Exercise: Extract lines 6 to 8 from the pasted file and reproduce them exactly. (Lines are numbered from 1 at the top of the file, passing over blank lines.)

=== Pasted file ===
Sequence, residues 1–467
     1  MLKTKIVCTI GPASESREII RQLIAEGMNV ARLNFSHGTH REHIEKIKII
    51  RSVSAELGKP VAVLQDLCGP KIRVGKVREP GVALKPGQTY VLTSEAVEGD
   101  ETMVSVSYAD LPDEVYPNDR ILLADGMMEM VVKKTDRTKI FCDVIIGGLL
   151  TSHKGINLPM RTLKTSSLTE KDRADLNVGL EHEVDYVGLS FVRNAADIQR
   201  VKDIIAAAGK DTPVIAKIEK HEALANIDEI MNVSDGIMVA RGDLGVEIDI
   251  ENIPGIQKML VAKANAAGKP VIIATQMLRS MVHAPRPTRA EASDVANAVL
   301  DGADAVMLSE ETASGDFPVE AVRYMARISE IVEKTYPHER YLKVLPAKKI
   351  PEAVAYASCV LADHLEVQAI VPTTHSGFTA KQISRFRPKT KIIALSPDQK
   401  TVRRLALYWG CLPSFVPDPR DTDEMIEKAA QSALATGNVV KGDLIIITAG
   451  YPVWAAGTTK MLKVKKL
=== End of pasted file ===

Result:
   201  VKDIIAAAGK DTPVIAKIEK HEALANIDEI MNVSDGIMVA RGDLGVEIDI
   251  ENIPGIQKML VAKANAAGKP VIIATQMLRS MVHAPRPTRA EASDVANAVL
   301  DGADAVMLSE ETASGDFPVE AVRYMARISE IVEKTYPHER YLKVLPAKKI